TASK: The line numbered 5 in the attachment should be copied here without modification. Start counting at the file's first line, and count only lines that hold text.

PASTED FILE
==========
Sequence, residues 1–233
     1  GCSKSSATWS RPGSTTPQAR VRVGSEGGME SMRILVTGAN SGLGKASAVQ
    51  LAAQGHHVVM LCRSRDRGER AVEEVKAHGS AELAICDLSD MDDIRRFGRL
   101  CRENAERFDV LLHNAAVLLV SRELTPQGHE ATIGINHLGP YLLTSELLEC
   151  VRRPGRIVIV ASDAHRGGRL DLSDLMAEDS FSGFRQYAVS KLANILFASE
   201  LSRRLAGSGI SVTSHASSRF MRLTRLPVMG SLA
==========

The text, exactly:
   151  VRRPGRIVIV ASDAHRGGRL DLSDLMAEDS FSGFRQYAVS KLANILFASE